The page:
In Miranda v. Arizona, the Supreme Court of the United States established a formal warning that is required to be given by police in the United States to criminal suspects in police custody (or in a custodial situation) before they are interrogated. The court ruled that the person in custody must be informed that he/she has the right to remain silent, and that anything the person says can be used against the person in a court of law. What developed from the ruling is the well-known “Miranda Warning”:
“You have the right to remain silent. Anything you say can and will be used against you in a court of law. You have the right to an attorney. If you cannot afford an attorney, one will be provided for you. Do you understand the rights I have just read to you? With these rights in mind, do you wish to speak to me?”
Even though the Miranda Warning only applies to criminal suspects, potential personal injury civil litigants should consider the wisdom of remaining silent until receiving the advice of counsel. The alternative is to risk saying something that will harm the civil case.
Fault and damages are key components of every personal injury case. Limiting both is the primary objective of every liability insurance company. Adjusters, investigators, and lawyers are employed to this end from the very beginning of a reported claim. They will quickly reach out for information from witnesses and victims for the purpose of obtaining incriminating and exculpatory evidence to limit their exposure. What a victim says to these people can be used against him/her in and out of court.
(Read this blog, Limited Application of Florida’s Motor Vehicle Accident/Crash Report Privilege, for the confidentiality of statements given to motor vehicle crash investigators.)
The caution addressed above concerns conversations with the at-fault party’s liability insurance company. The injured person is never required to engage in informal conversations with this carrier. However, a different cooperation rule applies with regard to one’s own insurance company. Typically, the insured is contractually bound to cooperate with his/her own insurance company by providing statements (e.g., EUO) and completing paperwork. These carriers include those that provide health insurance, PIP and uninsured/underinsured motorist (UM/UIM) coverage.
Cooperating with one’s own carrier is far from risk free. Coverage can be denied based on information gathered. The most common denial basis is insurance application misrepresentation. (Read, Factors in Florida Insurance Contract Rescission Cases, and see Florida Statute 627.409.) For example, the applicant for car insurance may fail to mention other licensed drivers living in his/her household. This failure, purposeful or not, allows the carry to deny coverage. However, refusal to cooperate is not a viable alternative: failure to cooperate is another common ground for coverage denial.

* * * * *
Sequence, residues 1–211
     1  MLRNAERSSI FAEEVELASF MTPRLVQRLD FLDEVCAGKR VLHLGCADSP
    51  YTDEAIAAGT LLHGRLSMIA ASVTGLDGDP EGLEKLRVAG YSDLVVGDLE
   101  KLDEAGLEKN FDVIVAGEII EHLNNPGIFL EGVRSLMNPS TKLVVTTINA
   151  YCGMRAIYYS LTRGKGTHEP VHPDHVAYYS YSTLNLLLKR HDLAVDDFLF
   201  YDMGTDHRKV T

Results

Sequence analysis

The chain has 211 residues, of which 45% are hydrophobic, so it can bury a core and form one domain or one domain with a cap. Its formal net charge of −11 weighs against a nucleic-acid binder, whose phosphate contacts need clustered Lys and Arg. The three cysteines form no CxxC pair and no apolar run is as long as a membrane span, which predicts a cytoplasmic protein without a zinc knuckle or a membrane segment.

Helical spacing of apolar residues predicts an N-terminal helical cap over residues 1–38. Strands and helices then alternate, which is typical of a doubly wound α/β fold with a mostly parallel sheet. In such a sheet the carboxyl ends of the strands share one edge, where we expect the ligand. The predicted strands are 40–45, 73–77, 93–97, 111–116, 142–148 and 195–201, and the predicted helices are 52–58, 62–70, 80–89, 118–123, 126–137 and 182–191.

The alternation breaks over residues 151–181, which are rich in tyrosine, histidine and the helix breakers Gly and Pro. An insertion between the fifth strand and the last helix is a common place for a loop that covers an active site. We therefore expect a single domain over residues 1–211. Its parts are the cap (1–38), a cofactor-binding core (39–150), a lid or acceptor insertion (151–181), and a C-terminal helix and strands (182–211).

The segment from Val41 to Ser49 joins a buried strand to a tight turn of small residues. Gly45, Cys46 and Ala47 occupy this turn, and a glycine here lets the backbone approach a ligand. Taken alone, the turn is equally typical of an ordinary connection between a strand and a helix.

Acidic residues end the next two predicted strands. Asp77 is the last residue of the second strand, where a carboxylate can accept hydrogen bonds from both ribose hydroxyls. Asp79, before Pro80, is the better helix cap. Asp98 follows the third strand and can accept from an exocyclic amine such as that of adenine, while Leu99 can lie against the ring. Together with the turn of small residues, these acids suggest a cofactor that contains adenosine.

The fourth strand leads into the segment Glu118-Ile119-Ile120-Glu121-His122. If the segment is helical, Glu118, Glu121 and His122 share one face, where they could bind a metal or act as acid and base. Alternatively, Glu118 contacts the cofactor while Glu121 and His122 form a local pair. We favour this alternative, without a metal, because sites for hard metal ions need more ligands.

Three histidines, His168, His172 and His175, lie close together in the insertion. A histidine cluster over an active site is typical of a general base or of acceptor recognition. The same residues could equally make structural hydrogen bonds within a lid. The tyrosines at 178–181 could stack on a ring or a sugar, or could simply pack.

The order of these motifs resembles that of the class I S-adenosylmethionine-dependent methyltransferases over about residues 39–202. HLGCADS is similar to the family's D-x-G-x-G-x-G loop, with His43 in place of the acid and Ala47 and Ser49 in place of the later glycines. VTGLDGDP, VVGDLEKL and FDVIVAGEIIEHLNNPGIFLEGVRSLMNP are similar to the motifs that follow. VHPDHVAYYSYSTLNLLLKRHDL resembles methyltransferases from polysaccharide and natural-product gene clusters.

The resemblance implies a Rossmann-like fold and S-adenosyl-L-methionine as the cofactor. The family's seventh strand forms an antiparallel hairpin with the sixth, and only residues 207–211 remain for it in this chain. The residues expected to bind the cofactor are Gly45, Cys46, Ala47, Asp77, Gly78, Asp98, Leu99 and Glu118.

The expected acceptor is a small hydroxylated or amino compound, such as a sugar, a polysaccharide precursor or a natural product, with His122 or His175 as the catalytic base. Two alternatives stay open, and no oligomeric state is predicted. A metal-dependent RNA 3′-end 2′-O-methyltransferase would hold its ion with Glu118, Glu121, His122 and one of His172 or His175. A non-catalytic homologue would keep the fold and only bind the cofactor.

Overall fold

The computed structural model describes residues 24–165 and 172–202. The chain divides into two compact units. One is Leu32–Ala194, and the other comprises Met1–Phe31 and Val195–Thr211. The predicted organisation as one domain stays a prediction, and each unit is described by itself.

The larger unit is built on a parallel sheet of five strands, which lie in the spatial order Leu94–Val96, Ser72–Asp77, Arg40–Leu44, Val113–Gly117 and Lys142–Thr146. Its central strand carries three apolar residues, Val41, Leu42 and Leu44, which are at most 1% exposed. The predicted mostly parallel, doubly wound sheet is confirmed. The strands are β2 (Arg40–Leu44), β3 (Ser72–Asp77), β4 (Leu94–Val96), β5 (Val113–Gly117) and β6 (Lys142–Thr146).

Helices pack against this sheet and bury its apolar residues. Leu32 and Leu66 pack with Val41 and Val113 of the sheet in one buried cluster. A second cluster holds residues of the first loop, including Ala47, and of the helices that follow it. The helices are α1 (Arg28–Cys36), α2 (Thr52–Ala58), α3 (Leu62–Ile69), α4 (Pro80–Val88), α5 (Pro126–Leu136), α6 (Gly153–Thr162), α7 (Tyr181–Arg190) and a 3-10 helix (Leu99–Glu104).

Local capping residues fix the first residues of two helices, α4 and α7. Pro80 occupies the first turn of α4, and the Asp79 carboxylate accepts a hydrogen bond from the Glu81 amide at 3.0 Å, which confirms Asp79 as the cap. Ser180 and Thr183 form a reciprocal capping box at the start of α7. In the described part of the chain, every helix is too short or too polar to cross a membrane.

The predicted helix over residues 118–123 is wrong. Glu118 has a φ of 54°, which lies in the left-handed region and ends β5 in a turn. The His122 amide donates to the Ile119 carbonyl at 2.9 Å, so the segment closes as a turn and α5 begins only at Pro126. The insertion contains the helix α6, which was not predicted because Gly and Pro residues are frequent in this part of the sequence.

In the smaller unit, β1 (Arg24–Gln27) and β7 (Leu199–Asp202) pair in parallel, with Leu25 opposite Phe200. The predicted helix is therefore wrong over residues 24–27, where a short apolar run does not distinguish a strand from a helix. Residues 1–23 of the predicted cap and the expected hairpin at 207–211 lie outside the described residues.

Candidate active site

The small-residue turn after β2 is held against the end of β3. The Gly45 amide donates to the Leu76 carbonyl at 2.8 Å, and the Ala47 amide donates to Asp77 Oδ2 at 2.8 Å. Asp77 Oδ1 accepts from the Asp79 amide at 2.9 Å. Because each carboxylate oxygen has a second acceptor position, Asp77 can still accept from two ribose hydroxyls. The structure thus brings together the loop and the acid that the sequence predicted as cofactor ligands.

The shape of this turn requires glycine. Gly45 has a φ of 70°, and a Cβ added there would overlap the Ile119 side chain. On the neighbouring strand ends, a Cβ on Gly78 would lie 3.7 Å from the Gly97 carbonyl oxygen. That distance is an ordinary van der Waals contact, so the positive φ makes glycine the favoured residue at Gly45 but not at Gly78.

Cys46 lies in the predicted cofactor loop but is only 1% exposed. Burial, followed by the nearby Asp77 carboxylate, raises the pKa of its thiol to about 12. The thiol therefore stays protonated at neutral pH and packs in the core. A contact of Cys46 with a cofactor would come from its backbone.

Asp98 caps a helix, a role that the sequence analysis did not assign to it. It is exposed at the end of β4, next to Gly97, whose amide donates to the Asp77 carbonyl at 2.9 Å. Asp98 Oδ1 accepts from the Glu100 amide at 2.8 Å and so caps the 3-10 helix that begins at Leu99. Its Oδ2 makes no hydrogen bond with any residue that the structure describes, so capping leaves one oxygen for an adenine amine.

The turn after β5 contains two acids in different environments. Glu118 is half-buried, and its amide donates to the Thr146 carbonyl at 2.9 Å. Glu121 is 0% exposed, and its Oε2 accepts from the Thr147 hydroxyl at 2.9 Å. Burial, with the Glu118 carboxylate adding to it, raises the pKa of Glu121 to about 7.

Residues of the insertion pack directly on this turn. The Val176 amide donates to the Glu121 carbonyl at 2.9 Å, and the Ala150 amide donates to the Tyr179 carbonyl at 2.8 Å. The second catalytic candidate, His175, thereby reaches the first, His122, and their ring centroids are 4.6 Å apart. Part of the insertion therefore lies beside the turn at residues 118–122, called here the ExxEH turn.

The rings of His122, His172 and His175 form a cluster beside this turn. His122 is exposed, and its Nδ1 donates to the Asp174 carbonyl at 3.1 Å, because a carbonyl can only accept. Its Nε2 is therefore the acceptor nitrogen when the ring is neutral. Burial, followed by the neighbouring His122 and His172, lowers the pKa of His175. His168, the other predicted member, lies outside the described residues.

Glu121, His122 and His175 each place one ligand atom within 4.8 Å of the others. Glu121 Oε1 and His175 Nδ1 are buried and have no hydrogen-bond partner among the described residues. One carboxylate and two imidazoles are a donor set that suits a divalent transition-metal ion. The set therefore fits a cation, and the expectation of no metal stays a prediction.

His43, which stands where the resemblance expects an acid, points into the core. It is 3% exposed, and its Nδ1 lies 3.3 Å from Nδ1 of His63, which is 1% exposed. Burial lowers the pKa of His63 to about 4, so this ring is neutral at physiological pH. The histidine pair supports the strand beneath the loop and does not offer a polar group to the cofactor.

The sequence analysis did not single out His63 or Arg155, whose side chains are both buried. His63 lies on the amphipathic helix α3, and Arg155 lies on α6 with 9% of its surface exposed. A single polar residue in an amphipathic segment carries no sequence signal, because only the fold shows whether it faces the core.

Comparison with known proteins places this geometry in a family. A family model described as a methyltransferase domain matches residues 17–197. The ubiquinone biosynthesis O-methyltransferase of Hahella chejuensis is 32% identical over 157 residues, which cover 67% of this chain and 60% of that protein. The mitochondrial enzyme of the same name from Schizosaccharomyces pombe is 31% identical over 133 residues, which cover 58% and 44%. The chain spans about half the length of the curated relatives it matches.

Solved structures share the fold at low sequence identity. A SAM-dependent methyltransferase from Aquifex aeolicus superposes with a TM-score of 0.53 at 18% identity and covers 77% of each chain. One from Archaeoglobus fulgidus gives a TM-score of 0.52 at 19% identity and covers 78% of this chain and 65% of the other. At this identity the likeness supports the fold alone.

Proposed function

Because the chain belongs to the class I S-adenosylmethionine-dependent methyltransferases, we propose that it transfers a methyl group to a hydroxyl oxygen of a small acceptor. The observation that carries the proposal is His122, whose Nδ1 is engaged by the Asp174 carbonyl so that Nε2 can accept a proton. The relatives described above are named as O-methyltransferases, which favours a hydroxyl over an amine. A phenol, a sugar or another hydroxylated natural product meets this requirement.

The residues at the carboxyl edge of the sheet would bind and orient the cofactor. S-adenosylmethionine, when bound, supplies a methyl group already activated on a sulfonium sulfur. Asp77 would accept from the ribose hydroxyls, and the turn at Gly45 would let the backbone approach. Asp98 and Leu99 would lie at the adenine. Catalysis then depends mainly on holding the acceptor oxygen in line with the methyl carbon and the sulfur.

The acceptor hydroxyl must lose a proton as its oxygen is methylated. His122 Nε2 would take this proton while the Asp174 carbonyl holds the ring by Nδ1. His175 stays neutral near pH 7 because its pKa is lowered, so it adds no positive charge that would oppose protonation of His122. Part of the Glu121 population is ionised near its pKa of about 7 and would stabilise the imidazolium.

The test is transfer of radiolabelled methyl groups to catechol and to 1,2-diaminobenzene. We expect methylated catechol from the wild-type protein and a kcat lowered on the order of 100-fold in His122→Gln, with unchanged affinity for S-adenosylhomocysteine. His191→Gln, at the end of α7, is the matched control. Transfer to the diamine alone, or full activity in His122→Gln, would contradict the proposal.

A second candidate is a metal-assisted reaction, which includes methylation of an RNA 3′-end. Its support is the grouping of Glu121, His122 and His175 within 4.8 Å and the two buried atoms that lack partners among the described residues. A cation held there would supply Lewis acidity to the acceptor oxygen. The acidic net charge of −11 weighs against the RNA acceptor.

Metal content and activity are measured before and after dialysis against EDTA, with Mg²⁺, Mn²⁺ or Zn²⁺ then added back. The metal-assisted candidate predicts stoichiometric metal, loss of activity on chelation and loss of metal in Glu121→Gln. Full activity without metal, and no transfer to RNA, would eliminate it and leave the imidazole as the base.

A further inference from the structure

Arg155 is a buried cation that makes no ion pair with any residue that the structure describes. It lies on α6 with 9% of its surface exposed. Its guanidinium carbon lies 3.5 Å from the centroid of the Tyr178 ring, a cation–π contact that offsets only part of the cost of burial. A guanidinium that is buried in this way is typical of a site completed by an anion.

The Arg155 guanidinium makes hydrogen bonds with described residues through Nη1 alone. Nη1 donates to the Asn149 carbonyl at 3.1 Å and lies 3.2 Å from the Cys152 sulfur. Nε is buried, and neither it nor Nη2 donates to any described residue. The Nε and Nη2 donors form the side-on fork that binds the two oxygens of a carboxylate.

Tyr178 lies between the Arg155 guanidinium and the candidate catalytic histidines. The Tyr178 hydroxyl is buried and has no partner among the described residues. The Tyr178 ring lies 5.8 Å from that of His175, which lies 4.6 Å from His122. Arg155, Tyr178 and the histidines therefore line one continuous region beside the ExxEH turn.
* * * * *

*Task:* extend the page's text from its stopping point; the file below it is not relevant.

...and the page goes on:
Every insurance company looks for ways to deny claims and limit payments. The pre-suit fact gathering process can be fertile ground to this end. Unrepresented lay people don’t stand a chance against trained insurance company representatives. This is why legal representation should be enlisted before the communication process begins. Qualified personal injury lawyers will even the playing field.
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Jeffrey P. Gale, P.A. is a South Florida based law firm committed to the judicial system and to representing and obtaining justice for individuals – the poor, the injured, the forgotten, the voiceless, the defenseless and the damned, and to protecting the rights of such people from corporate and government oppression. We do not represent government, corporations or large business interests.
While prompt resolution of your legal matter is our goal, our approach is fundamentally different. Our clients are “people” and not “cases” or “files.” We take the time to build a relationship with our clients, realizing that only through meaningful interaction can we best serve their needs. In this manner, we have been able to best help those requiring legal representation.